Confluence of Electrochemistry and Mechanics: From Engineering the Rechargeable Batteries to Corrosion in Extreme States

Confluence of Electrochemistry and Mechanics: From Engineering the Rechargeable Batteries to Corrosion in Extreme States

by Asghar Aryanfar

(American University of Beirut, Department of Mechanical Engineering)

DATE : October 07, 2022 (Friday)
TIME : 14:00-15:00
[pdf version]

During the recent decades, the portable electronics (cell-phones, laptops, etc.) have entered the daily lifestyle, and require exponentially-increasing versatility and computational power. Hence, they demand portable electricity source necessitating the boost in terms of energy density, safety, efficiency and sustainability. On the other hand, the ever-increasing need for harnessing the green renewable energy as a potential replacement of the pollutant fossil fuels for applications such as electric vehicles, requires their capture and management via stationary smart infrastructures. The electrochemical systems, such as rechargeable batteries are the prominent answer for the in abovementioned applications. Therefore, while the exploitation of new high-energy density materials/composites for high-power applications is unavoidable, herein we delve into the engineering of the advanced electrochemical devices (batteries) and phenomena (corrosion) as well as their coupling with the mechanics at the interfaces, by performing multi-physics modeling and electrochemical experiments as the following:

  •  Dendrites: Understanding the key components driving the ionic motion and formation of the growing destructive microstructures, we devise and investigate new charging methodologies to shorten and minimize them, either by real-time tuning of the charging forms, or spectral variation in the environmental parameters. In particular, noting the significant spatiotemporal scale gap between the experiments (∼ mm, ∼ms) and typical MD simulations (∼ nm, ∼ fs), we develop a new coarsegrained (CG) predictive model which is extendable to experimental regimes. Such model which passes up the information from the lower-scale atomistic interactions provides possibility of the affordable simulation for the formation of dendritic micros-structures. (Fig. 1).
  •  Corrosion: We develop a diffusion-reaction framework, coupled with external stress field during the non-stoichiometric equilibrium to address the state of corrosion of the material. The established model anticipates the mechanical failure during the prolonged oxidation and extreme temperatures, both before (Fig. 2) and after (Fig. 3) the fracture and formation of cracks.• Composites: We will establish percolation-based frameworks to analyze and enhance the electrical and thermal conductivities of the 2D (thin) and 3D (thick) binary polymer composites with inclusion of fillers with higher conductivity. In broader sense, we additionally develop percolation-based efficacy measure for fiber-reinforced concrete in flexural loading and establish computational tool for capturing the rheological properties (i.e. viscosity) of super absorbent-filled concrete. As well, using percolation tools, we develop geometric-based percolation framework for estimating the size distribution of aggregates, traditionally performed via sieve experiments.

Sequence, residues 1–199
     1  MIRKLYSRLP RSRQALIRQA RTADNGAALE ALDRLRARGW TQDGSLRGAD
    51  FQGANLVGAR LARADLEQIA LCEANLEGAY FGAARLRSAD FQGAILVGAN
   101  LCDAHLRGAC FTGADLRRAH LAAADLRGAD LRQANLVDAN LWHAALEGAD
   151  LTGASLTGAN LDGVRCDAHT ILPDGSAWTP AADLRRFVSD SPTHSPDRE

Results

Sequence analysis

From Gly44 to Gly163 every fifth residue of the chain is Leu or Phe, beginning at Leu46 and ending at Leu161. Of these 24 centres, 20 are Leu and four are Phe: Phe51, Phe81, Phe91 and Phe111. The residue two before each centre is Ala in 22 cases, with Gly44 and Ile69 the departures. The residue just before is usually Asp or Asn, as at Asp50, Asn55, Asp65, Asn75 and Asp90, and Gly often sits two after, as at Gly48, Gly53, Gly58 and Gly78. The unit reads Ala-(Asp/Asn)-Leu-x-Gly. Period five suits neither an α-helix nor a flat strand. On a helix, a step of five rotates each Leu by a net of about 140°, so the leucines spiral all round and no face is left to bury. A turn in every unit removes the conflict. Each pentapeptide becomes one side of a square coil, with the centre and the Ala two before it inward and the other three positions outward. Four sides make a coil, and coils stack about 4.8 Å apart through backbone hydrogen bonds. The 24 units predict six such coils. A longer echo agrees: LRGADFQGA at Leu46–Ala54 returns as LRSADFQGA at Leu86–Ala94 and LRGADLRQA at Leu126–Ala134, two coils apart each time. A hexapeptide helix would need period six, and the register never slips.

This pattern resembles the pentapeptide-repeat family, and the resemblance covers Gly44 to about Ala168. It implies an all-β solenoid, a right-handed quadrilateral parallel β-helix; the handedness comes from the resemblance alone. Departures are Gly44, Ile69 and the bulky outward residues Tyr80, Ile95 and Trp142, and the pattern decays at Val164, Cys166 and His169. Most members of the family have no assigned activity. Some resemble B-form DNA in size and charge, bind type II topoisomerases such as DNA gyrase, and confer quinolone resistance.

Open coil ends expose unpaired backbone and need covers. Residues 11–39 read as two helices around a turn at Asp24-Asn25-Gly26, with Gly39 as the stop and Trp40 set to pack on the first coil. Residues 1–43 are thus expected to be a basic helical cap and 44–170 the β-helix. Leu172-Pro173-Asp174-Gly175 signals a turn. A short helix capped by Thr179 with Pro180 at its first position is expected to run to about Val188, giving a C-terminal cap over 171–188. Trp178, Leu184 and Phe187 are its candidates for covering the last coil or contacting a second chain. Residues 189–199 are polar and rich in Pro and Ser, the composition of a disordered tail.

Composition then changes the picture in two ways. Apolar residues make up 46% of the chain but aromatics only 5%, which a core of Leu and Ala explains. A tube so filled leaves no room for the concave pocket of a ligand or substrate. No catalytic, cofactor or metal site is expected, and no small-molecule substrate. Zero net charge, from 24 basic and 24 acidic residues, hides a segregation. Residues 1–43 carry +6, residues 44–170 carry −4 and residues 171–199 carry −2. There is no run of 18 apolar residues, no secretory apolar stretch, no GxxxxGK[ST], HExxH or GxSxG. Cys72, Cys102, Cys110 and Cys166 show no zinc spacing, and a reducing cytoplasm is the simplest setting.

Asghar Aryanfar received the B.S. in Civil and Mechanical Engineering (double major, top 2%) from Sharif University of Technology, Tehran, Iran in 2009 and the M.S. and Ph.D. degrees in Mechanical Engineering from California Institute of Technology, in 2010 and 2015, respectively. He is currently Assistant Professor of Mechanical Engineering at American University of Beirut (2019−present). Prior to current position, he was visiting faculty at Caltech (2018 − 2019) as well as lecturer at Faculty of Engineering at Bahçesehir University (2016 − 2019). Before then, he was Postdoctoral Associate at University of California, Los Angeles (UCLA) (2015 − 2016). Aryanfar’s research has been in the application of multi-physics modeling and experimental electrochemistry into engineering of the energy storage and conversion devices, materials and and exploitation of their interfacial phenomena. Particularly, his research on safety of high-energy rechargeable batteries has appeared as the Cover image of the Journal of Chemical Physics and he has been interviewed in CNN for his 1st prize winning invention of novel wastewater treatment system from the Gates Foundation. Current projects are the material/interfacial physics and include analysis and design of state-of-the-art sustainable rechargeable lithium metal batteries and prediction of heterogeneous cracking behavior for electrolytic membranes exposed to extreme temperature/pressure.